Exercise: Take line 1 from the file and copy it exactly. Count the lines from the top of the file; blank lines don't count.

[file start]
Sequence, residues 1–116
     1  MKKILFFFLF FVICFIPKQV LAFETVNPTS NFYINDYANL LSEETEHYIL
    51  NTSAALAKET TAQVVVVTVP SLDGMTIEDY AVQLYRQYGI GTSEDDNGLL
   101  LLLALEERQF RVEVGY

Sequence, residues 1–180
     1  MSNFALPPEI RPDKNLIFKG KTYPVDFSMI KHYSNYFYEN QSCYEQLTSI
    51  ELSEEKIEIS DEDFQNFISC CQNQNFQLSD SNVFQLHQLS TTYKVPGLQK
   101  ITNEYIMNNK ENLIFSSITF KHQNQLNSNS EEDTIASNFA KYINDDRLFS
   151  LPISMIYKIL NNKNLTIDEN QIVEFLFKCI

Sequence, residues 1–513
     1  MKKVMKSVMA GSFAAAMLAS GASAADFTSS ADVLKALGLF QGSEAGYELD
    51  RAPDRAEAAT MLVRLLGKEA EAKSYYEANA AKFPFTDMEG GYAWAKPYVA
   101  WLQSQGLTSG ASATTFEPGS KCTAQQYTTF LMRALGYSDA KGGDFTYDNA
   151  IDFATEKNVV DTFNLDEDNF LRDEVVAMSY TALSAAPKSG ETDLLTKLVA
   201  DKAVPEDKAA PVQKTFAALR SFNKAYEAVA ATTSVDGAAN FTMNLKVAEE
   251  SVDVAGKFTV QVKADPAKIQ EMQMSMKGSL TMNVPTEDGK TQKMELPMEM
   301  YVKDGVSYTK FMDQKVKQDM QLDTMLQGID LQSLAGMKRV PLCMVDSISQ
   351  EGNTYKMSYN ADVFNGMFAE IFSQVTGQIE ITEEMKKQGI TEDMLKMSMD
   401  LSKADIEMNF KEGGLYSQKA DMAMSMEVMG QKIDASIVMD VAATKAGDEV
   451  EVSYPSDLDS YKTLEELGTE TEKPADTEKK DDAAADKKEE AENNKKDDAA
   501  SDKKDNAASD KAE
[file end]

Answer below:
Sequence, residues 1–116